Mercy is a quality of God, the act of showing love and compassion, not administering justice when it is deserved. One of many examples throughout the Bible, Jesus shared the parable of the Pharisee and the tax collector. In (Luke 18:9-13) “And He also told this parable to some people who trusted in themselves that they were righteous, and viewed others with contempt: ‘Two men went up into the temple to pray, one a Pharisee and the other a tax collector. The Pharisee stood and was praying this to himself: ‘God, I thank You that I am not like other people: swindlers, unjust, adulterers, or even like this tax collector. I fast twice a week; I pay tithes of all that I get.’ But the tax collector, standing some distance away, was even unwilling to lift up his eyes to heaven, but was beating his breast, saying, “God, be merciful to me, the sinner!’”
In the above parable, Jesus is comparing two men who went up to the temple to pray, one a Pharisee and the other a tax collector. The Pharisee’s in general thought works alone could get them favor and merit with God. They were the largest and most influential religious party during New Testament time and separated themselves to the study of the law. They were viewed as the religious leaders of the Jews and many tended to display a prideful, haughty, self-righteous attitude as is easily noted in the verses above. On the other hand, the tax collectors were usually Roman citizens who worked for the government. They were hated by the people because of their dishonesty in collecting more than the tax owed the government by adding an excessive profit for themselves to the taxes people paid. In the parable above, the tax collector recognized his sin, his unworthiness, and had a much more accurate vision of himself. He knew he was unworthy and deserved punishment for his sins.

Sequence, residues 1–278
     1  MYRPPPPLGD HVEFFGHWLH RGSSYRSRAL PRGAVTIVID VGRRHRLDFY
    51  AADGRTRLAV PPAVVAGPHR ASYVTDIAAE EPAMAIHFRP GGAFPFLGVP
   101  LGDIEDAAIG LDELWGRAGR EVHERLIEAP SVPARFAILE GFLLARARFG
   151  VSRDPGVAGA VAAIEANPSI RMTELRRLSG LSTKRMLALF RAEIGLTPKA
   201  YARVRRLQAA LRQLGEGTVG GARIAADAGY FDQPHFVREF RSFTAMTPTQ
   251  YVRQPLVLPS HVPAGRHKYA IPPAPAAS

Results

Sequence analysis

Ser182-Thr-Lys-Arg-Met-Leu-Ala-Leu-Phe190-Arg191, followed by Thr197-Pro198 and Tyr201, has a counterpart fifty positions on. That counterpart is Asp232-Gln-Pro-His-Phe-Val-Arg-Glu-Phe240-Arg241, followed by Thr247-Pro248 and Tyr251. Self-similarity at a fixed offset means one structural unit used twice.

Our God is so righteous and holy that He requires a propitiation, something to reconcile us to Him, a sacrifice. In place of the wrath we deserve, He gives us mercy, or grace –his unmerited favor. Jesus, God’s own son’s death on the cross was the sacrifice, payment, or propitiation for all of mankind, both you and me. What great mercy and love was displayed at the cross!
The verses in this song from Selah says it all best.
‘Wonderful merciful Savior, precious Redeemer and friend,
Who would have thought that a Lamb could rescue the souls of men.’
But you, O Lord, are a God merciful and gracious, Slow to anger and abundant in lovingkindness and truth. Psalm 86:15
What must I do to gain His mercy and grace?
- Recognize my sinful desires and actions. Romans 3:23, Romans 6:23
- Confess those sins to our Heavenly Father. Romans 10:9
- Ask forgiveness, receive His gift of forgiveness through faith, repent of those sins, and change the direction in which we are heading. John 1:12
Thank you heavenly Father for your love and mercy, who saved a sinner such as me from the punishment I honestly deserve.
About the writer:
Beverly has been an educator, administrator, educational sales representative, Sunday school teacher, and mentor; but most importantly is a wife, mother, and grandmother with a passion for sharing Christ with others.